Sep 25, 2017 | By Julia

It’s been several years since scientists first started growing tissue in a test tube: as shown time and again, using a patient’s own cells to culture lab tissue is a viable way of “naturally” repairing organs. Nowadays, small tissue such as pieces of bone, cartilage, and muscle can be readily grown without relying on artificial implant materials such as metal or plastic. Yet in the case of larger-scale tissues often required in patient care, long term viability is an ongoing issue: there’s simply not enough natural power to sustain this larger volume. Even our most up-to-date solutions have difficulty feeding tissues fast enough, meaning most cannot be sustained for the necessary amount of time.

As one Dutch scientist shows, however, 3D printing techniques can provide a unique solution. Assistant Professor Jeroen Leijten at the University of Twente in The Netherlands is devoted to researching nano- and microscale tools that can help generate bioengineered skeletal tissue. Specifically, Leijten develops specialized materials to help control stem cell behaviour on both the nano, micro, and macro scales - in other words, no tissue is too large (or too small) for Leijten’s technique.

The basic premise of his work involves constructing micromaterials that are equipped to release oxygen for a sustained period of time. These micromaterials essentially act as nutrients for the implanted tissue, somewhat like a “packed lunch” for the patient’s cells. Using advanced 3D printing techniques, Leijten implements a network of blood vessels for releasing these nutrients into the fresh tissue. According to him, it could ensure long-term survival, effectively changing how we engineer human tissue.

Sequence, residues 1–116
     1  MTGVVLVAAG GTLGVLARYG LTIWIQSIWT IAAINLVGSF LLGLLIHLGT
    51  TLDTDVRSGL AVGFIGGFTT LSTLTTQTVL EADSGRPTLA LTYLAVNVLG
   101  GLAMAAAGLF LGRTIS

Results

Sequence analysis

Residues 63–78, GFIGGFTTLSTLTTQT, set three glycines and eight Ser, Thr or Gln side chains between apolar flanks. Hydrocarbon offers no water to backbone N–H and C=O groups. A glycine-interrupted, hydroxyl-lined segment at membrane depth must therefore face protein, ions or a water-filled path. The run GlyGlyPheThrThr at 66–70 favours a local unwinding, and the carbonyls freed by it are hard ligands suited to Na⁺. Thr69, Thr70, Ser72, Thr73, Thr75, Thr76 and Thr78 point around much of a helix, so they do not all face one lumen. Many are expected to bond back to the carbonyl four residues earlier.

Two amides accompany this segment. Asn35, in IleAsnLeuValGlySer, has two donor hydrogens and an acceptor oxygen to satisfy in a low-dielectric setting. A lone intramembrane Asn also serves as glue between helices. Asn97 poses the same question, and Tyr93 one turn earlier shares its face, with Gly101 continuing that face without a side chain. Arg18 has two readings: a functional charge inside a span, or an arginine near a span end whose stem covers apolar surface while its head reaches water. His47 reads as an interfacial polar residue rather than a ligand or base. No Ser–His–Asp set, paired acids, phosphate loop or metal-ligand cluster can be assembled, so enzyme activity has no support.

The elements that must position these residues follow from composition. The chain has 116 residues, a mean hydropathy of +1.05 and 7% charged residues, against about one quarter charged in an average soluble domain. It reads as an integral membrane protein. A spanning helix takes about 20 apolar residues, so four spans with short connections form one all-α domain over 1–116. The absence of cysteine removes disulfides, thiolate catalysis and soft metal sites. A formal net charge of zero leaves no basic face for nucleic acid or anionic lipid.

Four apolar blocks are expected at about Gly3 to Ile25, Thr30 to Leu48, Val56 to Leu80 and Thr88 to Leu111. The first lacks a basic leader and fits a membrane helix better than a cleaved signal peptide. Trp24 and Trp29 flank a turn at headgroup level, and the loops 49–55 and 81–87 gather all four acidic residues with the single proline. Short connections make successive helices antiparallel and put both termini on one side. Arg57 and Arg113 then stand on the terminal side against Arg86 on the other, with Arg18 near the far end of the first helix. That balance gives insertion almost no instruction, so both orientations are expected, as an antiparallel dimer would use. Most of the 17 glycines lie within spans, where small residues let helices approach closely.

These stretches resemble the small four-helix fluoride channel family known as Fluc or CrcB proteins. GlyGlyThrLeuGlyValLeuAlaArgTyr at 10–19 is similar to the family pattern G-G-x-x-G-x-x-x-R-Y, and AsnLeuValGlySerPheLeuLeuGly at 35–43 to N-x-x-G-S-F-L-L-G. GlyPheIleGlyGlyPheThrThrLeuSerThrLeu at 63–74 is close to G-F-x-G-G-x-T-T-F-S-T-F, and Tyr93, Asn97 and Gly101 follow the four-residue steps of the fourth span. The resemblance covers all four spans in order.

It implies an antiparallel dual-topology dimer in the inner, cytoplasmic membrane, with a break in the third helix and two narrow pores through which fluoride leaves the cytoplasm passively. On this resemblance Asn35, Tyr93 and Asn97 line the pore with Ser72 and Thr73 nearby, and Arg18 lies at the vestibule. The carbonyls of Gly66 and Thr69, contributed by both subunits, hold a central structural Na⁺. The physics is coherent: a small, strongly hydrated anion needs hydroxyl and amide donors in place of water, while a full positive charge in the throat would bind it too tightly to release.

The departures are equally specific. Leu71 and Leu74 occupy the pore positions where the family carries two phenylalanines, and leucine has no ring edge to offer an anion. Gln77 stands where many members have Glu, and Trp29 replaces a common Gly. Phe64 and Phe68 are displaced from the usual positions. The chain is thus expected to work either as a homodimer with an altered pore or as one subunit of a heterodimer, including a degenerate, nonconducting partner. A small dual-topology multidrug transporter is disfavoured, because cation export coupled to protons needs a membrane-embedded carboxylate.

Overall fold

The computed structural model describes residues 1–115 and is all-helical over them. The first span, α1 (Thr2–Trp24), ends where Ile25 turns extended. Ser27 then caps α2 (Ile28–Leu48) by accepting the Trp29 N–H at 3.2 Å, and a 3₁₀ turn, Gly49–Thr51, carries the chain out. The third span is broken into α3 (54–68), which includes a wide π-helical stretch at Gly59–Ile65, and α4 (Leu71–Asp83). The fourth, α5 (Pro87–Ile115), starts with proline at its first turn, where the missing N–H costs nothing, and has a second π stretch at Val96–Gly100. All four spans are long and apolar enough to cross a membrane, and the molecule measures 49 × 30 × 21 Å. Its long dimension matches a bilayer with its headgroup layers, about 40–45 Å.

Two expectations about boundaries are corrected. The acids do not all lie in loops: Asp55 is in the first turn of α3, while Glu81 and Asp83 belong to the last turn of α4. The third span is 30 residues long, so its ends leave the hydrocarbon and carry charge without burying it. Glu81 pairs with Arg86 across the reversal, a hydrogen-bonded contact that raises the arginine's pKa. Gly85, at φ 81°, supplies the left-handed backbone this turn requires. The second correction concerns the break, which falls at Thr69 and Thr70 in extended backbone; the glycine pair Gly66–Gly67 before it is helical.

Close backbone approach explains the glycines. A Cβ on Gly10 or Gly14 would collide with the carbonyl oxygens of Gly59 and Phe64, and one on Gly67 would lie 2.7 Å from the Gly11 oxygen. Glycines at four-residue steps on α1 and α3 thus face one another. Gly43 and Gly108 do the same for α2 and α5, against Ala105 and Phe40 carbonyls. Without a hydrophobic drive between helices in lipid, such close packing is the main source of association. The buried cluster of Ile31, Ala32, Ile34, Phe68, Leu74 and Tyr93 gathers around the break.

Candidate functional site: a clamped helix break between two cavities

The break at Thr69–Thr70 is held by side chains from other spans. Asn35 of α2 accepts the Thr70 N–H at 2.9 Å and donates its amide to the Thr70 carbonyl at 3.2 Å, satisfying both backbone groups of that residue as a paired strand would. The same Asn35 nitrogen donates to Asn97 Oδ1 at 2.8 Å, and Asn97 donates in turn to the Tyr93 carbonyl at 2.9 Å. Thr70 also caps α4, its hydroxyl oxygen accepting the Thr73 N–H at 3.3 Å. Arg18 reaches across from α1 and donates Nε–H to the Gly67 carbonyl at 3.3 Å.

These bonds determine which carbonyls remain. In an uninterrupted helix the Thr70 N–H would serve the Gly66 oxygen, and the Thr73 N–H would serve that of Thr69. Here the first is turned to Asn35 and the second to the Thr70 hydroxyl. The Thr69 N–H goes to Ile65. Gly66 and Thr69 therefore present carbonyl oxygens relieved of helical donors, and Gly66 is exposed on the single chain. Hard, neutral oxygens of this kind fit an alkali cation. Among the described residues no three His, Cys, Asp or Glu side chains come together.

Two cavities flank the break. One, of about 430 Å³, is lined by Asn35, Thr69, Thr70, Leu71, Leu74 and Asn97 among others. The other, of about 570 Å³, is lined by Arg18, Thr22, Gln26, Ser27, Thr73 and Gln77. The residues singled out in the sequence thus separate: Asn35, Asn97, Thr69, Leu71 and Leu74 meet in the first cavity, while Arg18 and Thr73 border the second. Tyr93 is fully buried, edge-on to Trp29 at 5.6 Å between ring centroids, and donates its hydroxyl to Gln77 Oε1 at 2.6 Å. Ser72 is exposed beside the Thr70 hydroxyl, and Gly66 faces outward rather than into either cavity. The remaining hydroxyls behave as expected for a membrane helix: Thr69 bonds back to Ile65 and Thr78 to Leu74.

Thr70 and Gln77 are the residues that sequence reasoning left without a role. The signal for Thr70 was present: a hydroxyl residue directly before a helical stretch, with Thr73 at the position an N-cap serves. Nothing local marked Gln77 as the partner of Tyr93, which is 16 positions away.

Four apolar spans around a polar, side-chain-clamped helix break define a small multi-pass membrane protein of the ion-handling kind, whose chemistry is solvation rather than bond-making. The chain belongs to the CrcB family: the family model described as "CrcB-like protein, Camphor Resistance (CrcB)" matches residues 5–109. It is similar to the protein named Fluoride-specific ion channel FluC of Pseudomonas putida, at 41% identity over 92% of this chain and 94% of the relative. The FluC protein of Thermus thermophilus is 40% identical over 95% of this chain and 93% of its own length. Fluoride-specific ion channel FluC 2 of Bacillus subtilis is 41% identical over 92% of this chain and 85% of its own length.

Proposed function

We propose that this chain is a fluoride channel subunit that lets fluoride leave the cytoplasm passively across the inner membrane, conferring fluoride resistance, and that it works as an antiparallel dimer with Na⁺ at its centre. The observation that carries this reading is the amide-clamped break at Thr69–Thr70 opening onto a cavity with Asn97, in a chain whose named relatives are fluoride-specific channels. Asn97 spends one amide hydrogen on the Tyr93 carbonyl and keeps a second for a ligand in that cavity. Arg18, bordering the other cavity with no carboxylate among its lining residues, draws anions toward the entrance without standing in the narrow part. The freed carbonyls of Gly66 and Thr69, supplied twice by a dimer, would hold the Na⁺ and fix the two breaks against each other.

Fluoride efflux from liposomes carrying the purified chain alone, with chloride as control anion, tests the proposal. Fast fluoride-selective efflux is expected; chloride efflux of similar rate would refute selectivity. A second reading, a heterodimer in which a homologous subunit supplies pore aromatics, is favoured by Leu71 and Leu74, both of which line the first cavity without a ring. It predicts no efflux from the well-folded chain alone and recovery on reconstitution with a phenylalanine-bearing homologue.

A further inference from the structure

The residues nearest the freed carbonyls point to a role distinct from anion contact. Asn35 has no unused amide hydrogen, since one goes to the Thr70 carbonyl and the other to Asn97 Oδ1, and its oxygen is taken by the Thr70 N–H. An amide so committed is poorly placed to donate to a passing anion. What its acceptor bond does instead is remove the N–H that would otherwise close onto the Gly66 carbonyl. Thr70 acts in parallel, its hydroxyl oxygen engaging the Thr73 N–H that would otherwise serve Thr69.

Leijten’s project "ENABLE: Advancing cell-based therapies by supporting implant survival" is set to go big: recently awarded a starting grant of 1.5 million euros for the European Research Council, Leijten is ready to test his solution in a real-life example. The University of Twente researcher will soon attempt to repair a real damaged bone with his “new and improved” body tissue.

If the initial study proves successful, there’s no telling how far Leijten’s work could go. Tissue engineering could be broadened beyond its current applications of small bits of bone and muscle, and theoretically extend to an entire network of functioning, long-lasting organs. First, however, Leijten needs to prove that his 3D printed blood vessels can hold up. But with his initial funding package of 1.5 million euros already secured, chances are it won’t be long before the Dutch scientist meets with more success.



Posted in 3D Printing Application



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